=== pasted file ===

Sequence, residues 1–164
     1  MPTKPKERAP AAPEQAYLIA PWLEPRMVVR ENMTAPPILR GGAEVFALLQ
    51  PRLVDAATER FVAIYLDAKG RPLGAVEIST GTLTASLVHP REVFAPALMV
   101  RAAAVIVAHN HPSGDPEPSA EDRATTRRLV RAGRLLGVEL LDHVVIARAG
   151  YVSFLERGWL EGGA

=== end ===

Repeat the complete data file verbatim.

Sequence, residues 1–164
     1  MPTKPKERAP AAPEQAYLIA PWLEPRMVVR ENMTAPPILR GGAEVFALLQ
    51  PRLVDAATER FVAIYLDAKG RPLGAVEIST GTLTASLVHP REVFAPALMV
   101  RAAAVIVAHN HPSGDPEPSA EDRATTRRLV RAGRLLGVEL LDHVVIARAG
   151  YVSFLERGWL EGGA